LAHORE – Punjab Chief Minister Shehbaz Sharif has categorically rejected the ‘rumors’ that two members of Tehreek-e-Labbaik Ya Rasool Allah (TLYR) would be part of the Nisab (curriculum) Committee as part of a deal with the federal government.
In a tweet on Wednesday, the CM clarified that “education is a provincial subject”, and “no such action (of including the TLYR members) in the committee) has been taken by the Punjab Government”.
In reference to rumors circulating in social media, that 2 Tehreek-i-Labaik reps have been included in the textbook panels, we would like to clarify that education is a provincial subject, and no such action has been taken by the @GovtOfPunjab @BariFaisal @AmmarRashidT
— Chief Minister’s SMU (@SMUReforms) November 28, 2017
Sharif’s statement follows multiple reports in the media, suggesting that two representatives of the religio-political party, which recently wrapped up its Islamabad sit-in after an Army-brokered deal, would join the Nisab Committee – a government body responsible for setting curriculum in the province.
Although the rumours are outrightly rejected, media reports suggest the move has been acknowledged by Punjab Law Minister Rana Sanaullah and Interior Minister Ahsan Iqbal (who was among the signatories of the Islamabad deal).
Meanwhile, on Wednesday, TLYR leader Pir Afzal Qadri said that the government had provided assurances during negotiations that two members of TLYR would be part of the Nisab Committee.
“They (the government) said that our representatives, as well as two members of TLYR, will be part of the Nisab Committee,” he told a private TV channel. “I don’t think the government will back out of their commitment since they know now that we can go to Jati Umra as well,” he added.
Afzal Qadri said that a notification from the government confirming the appointment of the members to the Nisab Committee would be issued tomorrow (Thursday).
Besides Qadri, TLYR chief Khadim Hussain Rizvi claims that the government had agreed to much more than what was made public through a document after the Faizabad fiasco.
In a media talk on Tuesday, Rizvi maintained that it had also been agreed that the government would take his party’s input to include more religious content in school and college curricula.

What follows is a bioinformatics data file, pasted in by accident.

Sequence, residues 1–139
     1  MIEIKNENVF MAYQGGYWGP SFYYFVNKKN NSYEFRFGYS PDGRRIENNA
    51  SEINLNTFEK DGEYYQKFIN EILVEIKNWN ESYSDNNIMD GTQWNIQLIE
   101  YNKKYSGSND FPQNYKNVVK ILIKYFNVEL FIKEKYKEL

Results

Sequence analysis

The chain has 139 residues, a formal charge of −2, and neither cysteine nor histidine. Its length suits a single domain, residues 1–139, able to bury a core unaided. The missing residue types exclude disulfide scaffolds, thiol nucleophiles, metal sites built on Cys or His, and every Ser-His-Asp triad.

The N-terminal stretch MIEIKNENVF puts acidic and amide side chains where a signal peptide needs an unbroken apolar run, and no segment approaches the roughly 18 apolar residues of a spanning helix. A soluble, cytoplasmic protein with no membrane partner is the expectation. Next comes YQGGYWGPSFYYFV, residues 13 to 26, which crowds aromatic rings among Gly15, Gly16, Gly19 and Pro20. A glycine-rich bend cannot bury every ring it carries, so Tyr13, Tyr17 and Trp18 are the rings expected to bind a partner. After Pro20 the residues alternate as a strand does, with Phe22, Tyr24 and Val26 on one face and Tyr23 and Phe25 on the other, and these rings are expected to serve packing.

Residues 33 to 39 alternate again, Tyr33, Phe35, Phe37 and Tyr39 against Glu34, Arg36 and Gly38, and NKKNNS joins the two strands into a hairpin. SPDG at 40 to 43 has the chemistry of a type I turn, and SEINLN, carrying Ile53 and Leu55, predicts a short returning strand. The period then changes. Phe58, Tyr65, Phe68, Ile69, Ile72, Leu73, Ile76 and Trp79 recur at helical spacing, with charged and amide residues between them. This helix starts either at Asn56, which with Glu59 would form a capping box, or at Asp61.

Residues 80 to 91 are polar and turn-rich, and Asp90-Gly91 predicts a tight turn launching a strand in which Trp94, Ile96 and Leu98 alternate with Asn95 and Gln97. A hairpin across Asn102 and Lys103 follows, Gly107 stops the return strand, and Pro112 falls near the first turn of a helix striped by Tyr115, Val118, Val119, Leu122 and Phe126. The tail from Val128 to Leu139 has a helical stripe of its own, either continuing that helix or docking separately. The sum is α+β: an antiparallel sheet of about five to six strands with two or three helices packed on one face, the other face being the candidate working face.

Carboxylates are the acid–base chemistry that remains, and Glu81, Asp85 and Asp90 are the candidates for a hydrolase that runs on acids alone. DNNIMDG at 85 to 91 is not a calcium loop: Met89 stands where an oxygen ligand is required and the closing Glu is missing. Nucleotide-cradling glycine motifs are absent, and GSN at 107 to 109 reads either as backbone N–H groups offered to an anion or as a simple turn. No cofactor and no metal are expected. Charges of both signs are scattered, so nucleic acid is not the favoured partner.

The Tehreek-e-Labbaik Ya Rasool Allah, a lesser known party of religious workers (mostly from Brelvi sect) which gained momentum after the execution of Mumtaz Qadri – the killer of former Punjab governor Salmaan Taseer – and rose to political sphere by contesting by-elections in Lahore’s NA-120 and Peshawar NA-04, had called off its weeks-long protest sit-in on Monday morning after striking a deal with the federal government.
“On the assurance of the chief of the army staff, we are calling off the sit-in,” Khadim Hussain Rizvi told a crowd of around 2,500 supporters who had occupied the Faizabad Interchange since November 6.
Rizvi’s announcement came two days after a government operation to break up the dharna went awry, sparking off violent protests across the country.
At least six, including a police official, died while over 200 people injured across the country in the clashes between security forces and the protesters.
COAS Qamar Javed Bajwa asked Prime Minister Abbasi to tackle the situation peacefully; the protesters in Sialkot attacked the residence of Law Minister; some protesters attacked and injured PML-N’s MNA Javed Latif in Sheikhpura; TV channels went off-air; and the social media sites were down.
Federal Law Minister Zahid Hamid, who the protesters blamed for a hastily-abandoned change in the ‘Khatam-e-Nabuwwat’ clause in the Elections Reforms Bill 2017, had to step down in the wake of Sunday’s deal.
The report of an inquiry committee, led by PML-N’s Senator Raja Zafarul Haq, is yet to be made public.